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Discussion Starter · #1 ·
I’m posting here because I figured the Town and Country and Caravan are the same and maybe I can still find some help.


I have a 2019 Dodge Grand Caravan with a 3.6L 62TE transmission. 66k miles.
So my transmission recently went out and I purchased a new one from Dodge. I did all the work myself and and it went fairly easy to be honest. Only thing that bugged me the whole time was there wasn’t much room for my fingers to spin the torque converter once the transmission and engine were mated together but I did have a good clearance between torque converter and flex plate before I bolted together so I assumed all would be well. Fast forward everything is in, cooler flushed, I can drive the van and it shifts through its gears ( I still need to do quicklearn, just went around the block to verify shifting) and everything was great. Well today I started it up and I hear almost like a bad bearing groan which sounds like coming from trans but really hard to isolate the noise because it’s not extremely loud. But it’s noticeable. It does it in all gears and park and neutral. Did I miss something? Something I could have messed up I should check? Brand new trans with converter, was seated fully before install, didn’t mate engine and trans with bolts, did everything by the book for the most part. Idk if I just need to do the quicklearn and break it in a bit but I’m afraid to drive it and ruin a new trans. Any advice would be appreciated before I decide to drop trans again.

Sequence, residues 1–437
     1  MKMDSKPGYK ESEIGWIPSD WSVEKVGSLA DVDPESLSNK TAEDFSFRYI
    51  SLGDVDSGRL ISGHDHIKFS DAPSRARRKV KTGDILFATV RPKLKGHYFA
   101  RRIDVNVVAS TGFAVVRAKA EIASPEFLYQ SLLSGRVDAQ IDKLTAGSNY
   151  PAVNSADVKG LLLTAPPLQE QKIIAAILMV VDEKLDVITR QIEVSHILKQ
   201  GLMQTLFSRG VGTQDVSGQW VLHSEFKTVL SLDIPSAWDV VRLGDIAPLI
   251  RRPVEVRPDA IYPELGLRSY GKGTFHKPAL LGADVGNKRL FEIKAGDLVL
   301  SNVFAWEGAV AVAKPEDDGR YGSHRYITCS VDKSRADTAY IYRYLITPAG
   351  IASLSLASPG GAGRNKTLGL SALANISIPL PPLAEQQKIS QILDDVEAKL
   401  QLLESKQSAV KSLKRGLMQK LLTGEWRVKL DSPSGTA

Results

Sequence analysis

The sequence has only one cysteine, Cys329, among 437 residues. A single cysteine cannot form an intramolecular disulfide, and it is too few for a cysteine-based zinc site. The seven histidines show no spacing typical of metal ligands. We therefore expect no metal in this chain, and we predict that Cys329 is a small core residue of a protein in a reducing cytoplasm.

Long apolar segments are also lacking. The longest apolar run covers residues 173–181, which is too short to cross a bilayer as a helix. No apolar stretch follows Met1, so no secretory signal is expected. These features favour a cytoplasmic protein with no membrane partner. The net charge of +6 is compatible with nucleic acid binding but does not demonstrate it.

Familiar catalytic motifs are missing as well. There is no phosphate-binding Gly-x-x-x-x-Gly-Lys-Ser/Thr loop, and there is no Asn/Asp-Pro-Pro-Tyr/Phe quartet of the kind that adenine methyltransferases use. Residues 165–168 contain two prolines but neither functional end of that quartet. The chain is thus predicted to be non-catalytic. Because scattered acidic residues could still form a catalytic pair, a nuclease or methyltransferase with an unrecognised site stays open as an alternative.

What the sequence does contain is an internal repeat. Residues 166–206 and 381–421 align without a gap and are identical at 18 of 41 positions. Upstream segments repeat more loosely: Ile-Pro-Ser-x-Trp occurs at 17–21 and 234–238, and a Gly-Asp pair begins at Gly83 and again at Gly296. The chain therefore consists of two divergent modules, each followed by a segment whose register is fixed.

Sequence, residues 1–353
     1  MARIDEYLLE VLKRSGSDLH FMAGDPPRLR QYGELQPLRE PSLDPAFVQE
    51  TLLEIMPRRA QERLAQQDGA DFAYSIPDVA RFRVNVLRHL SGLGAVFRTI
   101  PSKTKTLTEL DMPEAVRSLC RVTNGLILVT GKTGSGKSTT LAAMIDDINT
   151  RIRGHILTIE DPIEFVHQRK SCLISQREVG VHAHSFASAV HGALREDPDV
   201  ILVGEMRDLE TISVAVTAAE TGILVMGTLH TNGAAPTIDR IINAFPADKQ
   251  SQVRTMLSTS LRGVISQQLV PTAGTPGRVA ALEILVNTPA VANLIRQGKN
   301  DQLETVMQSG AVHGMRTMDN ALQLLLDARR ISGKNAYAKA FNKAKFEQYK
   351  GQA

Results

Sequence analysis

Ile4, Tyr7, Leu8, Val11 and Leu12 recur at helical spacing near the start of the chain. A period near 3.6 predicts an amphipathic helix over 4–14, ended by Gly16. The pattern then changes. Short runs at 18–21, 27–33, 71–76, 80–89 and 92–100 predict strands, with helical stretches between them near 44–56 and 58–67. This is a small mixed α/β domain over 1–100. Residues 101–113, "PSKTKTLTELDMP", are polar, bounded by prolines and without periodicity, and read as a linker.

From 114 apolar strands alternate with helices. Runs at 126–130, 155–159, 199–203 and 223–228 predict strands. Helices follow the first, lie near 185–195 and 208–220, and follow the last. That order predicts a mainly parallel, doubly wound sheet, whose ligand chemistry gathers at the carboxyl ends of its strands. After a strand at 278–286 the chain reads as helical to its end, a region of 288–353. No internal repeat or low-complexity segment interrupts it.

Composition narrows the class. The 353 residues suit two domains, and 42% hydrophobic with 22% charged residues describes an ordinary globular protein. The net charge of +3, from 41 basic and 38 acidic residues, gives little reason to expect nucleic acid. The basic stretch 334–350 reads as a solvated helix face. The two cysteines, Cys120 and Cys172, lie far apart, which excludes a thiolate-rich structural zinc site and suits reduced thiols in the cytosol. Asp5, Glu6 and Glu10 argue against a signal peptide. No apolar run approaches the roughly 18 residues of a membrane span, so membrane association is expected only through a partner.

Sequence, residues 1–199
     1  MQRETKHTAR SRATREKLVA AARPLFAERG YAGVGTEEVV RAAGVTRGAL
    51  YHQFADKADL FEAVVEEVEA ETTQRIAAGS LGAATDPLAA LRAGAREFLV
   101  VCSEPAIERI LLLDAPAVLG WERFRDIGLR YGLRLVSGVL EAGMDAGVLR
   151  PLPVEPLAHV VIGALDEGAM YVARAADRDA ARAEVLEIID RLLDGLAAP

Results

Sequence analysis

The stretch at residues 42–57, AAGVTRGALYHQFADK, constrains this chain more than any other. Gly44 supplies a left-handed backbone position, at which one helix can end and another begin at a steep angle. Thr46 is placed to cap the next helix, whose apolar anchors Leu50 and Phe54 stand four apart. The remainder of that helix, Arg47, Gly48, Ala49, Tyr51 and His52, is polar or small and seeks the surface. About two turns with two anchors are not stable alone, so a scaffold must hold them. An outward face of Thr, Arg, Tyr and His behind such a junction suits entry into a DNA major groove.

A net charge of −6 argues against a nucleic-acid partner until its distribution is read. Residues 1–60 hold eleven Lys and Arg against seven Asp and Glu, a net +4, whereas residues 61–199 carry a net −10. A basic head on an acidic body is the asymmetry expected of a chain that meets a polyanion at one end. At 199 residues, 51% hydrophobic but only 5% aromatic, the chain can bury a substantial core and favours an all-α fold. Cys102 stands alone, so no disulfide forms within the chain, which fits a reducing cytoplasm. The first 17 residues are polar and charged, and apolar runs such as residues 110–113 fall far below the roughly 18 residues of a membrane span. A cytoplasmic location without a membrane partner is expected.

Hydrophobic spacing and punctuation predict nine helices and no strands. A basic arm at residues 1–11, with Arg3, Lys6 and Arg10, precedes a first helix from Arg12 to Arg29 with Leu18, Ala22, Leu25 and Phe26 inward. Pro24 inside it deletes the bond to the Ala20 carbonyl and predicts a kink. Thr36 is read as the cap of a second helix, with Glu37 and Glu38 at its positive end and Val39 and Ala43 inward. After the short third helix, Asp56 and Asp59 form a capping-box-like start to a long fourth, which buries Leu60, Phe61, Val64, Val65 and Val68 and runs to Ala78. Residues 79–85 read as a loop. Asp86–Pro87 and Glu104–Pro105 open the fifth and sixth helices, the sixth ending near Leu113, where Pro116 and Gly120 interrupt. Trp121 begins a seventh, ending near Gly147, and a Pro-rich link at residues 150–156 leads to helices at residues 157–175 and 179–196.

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2013 Dodge Grand Caravan
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Groans from the transmission are almost always related to fluid. Too much, too little, or restricted flow (that one being unlikely since it's new). I'd check fluid with the temperature chart first.